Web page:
What Business Leaders Can Learn from Obama’s Bad Week
Wow, what a week for the Leader of the Free World. Just as his something-for-nothing-health-care-plan was starting to lose steam on Capitol Hill, one of his friends breaks into his own home, gets lippy with a cop and gets arrested.
In his typical “you never want to let a serious crisis go to waste” fashion, Barack Obama took a page from previous US Presidents and tried to deflect criticism of his health plan with some presidential sleight of hand. Claiming a decorated police officer acted stupidly in arresting his pal Henry Louis Gates, Obama just might have uttered the dumbest thing he’s said since taking office. Thankfully, he’s provided us with a couple of truly basic lessons for business leaders in the process.
Leaders Make Sure Their Feet Are Clear of Their Mouths Before Speaking
“I don’t know all the facts.” Barack Obama stated as he began to weigh-in on Gatesgate during his nationally televised health care press conference on Wednesday.
Leaders know that this is where they should stop commenting. Leaders understand that it’s important to get all the facts before speaking – especially on topics that could be inflammatory.
“… the Cambridge Police acted stupidly in arresting somebody when there was already proof that they were in their own home,” Obama continued later in his misinformed opinion “… there is a long history in this country of African Americans and Latinos being stopped by law enforcement disproportionately. That’s just a fact.”
Clearly, Obama has never seen an episode of Cops, where nearly everyone is arrested in their own homes. The most misguided takeaway of President Obama’s declaration on Gatesgate is that he equated this incident with the stereotypical racist white cop, and even tried to make what happened in Cambridge a microcosm of race relations in America.
You Move Too Quickly
If you’re wondering what that stuff is dripping off the President’s mug, it’s egg. It seems Obama not only spoke without knowing the facts – as the facts came out it became increasingly clear that we had a belligerent old man who was disrespectful of the very police who were called to his home to investigate a possible burglary – he basically called one of the most colorblind policemen in Massachusetts a racist. Boy, I bet he wishes he’d known that before he opened his mouth.
Cambridge Police Sergeant James Crowley, as you may already know, not only teaches academy plebes on how to avoid racial profiling, but he just happens to be the brave officer who performed mouth-to-mouth resuscitation on Reggie Lewis in 1993. Lewis, you see, was black; and Crowley didn’t care as he tried to save the young man’s life.
The President should be calling for other police departments to hire more men like Crowley instead of continuing to second-guess the officer’s actions. Leaders, at this point, would know enough to apologize and explain they spoke too quickly. Even as recently as today, Obama has continued to lay much of the blame at Crowley’s feet. The American People – just as your subordinates would if you were lying to them – aren’t buying it.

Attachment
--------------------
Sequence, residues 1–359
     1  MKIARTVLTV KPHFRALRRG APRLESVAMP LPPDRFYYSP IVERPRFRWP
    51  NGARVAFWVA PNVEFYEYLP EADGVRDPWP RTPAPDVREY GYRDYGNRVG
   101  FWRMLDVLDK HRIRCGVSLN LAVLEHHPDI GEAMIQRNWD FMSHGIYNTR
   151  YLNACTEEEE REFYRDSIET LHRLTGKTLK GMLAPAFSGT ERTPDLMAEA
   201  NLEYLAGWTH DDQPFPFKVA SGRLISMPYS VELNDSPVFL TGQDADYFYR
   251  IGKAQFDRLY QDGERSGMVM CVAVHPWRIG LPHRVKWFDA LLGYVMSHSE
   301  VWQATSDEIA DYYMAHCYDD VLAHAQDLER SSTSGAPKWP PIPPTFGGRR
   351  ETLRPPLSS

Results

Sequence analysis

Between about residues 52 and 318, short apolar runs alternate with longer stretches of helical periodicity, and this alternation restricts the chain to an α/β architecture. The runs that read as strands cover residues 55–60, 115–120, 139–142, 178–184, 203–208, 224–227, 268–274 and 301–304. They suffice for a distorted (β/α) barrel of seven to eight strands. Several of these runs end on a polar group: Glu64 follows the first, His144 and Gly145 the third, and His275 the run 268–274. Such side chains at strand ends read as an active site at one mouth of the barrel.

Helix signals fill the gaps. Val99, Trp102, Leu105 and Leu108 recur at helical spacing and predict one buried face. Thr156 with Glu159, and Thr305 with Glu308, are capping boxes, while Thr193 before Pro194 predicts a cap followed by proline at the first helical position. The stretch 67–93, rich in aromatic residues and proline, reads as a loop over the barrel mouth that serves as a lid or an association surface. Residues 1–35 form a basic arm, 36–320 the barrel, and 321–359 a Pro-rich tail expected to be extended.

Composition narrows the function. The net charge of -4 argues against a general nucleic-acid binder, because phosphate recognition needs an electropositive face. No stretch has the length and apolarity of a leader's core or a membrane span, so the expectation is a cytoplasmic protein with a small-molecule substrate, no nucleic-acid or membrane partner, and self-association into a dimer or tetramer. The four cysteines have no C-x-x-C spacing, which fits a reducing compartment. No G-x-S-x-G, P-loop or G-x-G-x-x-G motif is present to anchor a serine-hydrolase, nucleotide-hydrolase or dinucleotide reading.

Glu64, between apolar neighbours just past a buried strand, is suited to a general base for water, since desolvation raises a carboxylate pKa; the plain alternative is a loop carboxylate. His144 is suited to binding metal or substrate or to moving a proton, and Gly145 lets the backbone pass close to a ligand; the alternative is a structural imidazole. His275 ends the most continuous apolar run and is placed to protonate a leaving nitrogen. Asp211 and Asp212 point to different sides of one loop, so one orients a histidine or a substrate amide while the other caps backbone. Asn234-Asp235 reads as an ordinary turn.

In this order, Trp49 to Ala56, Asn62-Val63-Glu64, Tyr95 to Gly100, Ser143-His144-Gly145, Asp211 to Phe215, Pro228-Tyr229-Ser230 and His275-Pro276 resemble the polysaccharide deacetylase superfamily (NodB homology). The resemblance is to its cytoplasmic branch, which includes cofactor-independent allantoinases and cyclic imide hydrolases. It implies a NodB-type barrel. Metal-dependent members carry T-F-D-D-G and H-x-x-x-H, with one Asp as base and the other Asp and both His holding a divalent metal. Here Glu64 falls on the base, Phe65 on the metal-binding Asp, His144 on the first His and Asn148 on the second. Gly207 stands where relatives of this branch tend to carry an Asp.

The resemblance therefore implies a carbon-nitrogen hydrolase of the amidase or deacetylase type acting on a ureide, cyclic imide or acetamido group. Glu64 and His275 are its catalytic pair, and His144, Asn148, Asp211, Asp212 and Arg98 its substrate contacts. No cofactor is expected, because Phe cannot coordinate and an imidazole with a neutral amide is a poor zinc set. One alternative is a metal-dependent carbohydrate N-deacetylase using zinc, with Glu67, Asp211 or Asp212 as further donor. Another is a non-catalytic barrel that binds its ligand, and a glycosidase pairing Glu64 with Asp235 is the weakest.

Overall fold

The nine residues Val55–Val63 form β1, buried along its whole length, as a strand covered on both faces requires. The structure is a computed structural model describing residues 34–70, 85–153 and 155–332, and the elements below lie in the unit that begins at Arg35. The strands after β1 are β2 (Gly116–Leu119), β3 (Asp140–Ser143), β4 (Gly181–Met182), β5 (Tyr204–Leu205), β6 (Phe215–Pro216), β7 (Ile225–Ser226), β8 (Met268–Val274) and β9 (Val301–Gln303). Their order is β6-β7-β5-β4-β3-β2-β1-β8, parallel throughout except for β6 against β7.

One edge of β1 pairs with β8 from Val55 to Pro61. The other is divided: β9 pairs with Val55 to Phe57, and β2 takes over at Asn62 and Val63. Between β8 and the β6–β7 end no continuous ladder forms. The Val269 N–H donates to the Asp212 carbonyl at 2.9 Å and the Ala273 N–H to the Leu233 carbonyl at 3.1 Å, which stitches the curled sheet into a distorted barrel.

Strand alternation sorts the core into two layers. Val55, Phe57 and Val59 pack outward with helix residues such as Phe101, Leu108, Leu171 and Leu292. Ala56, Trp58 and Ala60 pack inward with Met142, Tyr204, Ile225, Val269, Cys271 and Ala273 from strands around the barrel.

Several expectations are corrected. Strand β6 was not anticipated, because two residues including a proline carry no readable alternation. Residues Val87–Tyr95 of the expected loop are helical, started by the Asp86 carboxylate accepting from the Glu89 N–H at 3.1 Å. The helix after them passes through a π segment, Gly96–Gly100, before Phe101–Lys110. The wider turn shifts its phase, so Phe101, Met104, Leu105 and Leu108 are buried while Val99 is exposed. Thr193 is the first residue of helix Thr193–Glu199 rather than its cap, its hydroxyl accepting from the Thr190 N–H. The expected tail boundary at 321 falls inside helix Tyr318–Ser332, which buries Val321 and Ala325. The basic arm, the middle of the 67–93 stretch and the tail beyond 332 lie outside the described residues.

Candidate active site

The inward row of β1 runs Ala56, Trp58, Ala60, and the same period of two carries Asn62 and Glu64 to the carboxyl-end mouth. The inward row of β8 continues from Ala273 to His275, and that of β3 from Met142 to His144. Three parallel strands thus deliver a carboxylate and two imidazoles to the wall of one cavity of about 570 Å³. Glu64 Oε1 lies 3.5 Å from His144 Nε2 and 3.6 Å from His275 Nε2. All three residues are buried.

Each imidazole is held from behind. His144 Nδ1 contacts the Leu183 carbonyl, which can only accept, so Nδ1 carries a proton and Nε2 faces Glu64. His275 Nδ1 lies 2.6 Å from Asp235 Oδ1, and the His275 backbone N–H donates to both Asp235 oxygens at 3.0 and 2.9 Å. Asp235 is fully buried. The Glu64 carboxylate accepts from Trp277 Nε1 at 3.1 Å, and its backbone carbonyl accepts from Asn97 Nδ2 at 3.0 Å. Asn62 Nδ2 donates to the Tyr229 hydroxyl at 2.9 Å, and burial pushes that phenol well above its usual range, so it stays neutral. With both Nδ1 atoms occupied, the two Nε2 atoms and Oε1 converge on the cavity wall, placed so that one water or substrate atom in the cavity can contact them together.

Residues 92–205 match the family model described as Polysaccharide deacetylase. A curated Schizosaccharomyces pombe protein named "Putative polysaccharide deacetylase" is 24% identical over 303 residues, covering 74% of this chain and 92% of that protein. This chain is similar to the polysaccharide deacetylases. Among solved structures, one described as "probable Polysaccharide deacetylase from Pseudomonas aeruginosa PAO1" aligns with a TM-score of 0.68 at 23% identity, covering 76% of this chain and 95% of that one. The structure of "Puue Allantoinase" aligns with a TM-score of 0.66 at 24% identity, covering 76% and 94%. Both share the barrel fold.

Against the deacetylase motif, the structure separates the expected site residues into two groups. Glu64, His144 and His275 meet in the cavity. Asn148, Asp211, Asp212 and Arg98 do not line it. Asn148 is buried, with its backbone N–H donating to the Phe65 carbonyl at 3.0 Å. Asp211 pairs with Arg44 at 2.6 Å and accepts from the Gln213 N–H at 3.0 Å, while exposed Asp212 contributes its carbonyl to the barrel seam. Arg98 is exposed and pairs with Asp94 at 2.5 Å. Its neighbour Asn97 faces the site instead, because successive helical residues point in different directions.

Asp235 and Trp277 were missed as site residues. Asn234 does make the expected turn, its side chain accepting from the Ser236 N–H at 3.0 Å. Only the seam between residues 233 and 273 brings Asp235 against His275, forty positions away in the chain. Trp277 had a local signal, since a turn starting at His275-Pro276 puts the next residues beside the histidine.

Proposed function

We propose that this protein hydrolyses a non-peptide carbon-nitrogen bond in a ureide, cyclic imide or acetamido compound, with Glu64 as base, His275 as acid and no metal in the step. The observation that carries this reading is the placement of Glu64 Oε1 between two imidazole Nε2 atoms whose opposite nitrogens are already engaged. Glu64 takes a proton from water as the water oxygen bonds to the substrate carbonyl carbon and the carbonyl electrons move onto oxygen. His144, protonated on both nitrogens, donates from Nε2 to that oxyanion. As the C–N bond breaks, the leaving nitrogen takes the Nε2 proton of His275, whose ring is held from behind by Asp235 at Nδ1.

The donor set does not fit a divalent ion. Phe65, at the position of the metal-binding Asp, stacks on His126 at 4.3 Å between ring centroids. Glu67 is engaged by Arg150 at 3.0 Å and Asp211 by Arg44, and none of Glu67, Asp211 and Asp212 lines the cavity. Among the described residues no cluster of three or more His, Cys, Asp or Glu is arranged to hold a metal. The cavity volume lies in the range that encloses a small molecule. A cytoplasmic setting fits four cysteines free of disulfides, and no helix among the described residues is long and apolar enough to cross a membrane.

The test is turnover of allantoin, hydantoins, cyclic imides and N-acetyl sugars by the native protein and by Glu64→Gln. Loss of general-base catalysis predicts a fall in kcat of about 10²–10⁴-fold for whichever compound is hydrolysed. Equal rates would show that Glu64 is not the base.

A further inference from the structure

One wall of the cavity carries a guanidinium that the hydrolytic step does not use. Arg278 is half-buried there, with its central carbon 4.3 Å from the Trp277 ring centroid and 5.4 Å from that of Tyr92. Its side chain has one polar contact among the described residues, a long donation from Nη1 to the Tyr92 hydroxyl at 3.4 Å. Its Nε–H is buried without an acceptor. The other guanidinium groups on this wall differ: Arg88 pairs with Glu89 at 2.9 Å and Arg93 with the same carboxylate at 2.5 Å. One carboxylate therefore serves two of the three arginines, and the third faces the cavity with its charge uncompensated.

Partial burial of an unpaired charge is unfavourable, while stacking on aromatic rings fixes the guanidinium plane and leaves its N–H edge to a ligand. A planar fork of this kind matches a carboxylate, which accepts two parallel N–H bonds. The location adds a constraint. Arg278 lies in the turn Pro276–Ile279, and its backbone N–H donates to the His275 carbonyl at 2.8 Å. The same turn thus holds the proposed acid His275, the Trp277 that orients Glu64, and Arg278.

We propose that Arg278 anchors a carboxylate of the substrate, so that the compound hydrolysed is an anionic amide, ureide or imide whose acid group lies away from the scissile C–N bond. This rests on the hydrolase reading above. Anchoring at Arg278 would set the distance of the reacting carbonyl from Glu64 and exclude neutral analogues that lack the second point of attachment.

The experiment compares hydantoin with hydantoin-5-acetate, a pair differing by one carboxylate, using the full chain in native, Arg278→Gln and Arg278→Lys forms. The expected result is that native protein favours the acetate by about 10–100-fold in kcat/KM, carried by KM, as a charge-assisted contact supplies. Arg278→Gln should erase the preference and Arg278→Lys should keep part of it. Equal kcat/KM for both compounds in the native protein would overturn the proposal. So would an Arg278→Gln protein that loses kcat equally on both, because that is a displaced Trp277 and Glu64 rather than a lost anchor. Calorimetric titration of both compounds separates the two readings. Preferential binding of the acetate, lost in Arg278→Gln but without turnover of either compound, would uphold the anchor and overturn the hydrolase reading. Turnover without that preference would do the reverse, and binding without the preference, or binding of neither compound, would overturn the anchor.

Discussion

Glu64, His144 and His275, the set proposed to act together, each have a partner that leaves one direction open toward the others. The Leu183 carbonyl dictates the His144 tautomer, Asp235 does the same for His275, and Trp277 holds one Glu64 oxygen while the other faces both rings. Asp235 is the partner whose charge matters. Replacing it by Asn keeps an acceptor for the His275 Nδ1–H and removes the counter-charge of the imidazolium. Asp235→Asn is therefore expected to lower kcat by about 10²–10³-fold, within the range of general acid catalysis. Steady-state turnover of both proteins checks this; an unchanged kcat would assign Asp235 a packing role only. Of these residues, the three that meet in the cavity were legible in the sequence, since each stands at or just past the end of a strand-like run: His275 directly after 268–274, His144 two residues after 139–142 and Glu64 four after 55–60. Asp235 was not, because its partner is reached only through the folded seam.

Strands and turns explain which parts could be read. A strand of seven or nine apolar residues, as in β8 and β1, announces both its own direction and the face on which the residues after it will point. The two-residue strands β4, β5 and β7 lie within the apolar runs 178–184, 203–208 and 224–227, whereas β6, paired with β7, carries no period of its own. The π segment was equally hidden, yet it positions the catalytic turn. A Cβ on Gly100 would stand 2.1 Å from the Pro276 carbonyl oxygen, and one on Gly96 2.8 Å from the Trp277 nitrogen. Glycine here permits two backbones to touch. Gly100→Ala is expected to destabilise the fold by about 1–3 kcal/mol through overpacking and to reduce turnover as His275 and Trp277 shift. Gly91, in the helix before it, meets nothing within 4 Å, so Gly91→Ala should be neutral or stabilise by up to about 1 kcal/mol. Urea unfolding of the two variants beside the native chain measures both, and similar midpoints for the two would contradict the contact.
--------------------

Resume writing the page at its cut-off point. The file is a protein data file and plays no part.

What’s The Rush?
The real leadership lesson we expected to learn this week centered on the Obama Health Care Reform Plan. We were looking for the reason that the White House and certain members of congress seemed so adamant about passing the measure before the August break. The plan is one of the most costly pieces of legislation ever to be proposed, and would (by all accounts) change the way most of us access doctors and hospitals forever.
So what’s the rush? Leaders know that getting it right is always, always, always better than getting it fast. That’s not to say that leaders believe in ready, aim, aim, aim…. On the contrary, leaders are all about quick action – they just don’t take this action without understanding the pros, cons and consequences.
One thousand, one hundred and eighteen. That’s the number of pages in the Health Care Reform Bill Obama wants passed this month. With all that’s happening in the economy – and with the trillions already pledged to stimulating it – asking congress to okay a bill that would commit trillions more without expecting them to both read and understand it is unconscionable – and not very leader-like.
Measure Twice, Cut Once
Obama and the congressional leadership should take a page from careful carpenters and make certain they understand the ramifications of all aspects of the bill before signing on. (It’s quite possible President Obama hasn’t even read the bill in its entirety.)
Obama, however, wants everyone in America (especially the congress) to look the other way and let his plan go into effect. Why, we ask? What’s the rush? If health care is so important to Barack Obama, shouldn’t we make sure we get it right the first time?
We’re not even talking about debating the merits of the plan the President has laid out – it could very well be perfect for America – we just want to know that if health care is so important to the President, why did it take him six months to name a Surgeon General? (And why does she seem so overweight and under-qualified?)
Therein lies the leadership lesson. Leaders’ actions speak louder than leaders’ words – and true leaders know this. That’s why true leaders would never try to shove something down their charges’ throats. Instead, true leaders provide the facts, gain consensus and mentor as their teams do the right things. We wish Obama would do the same.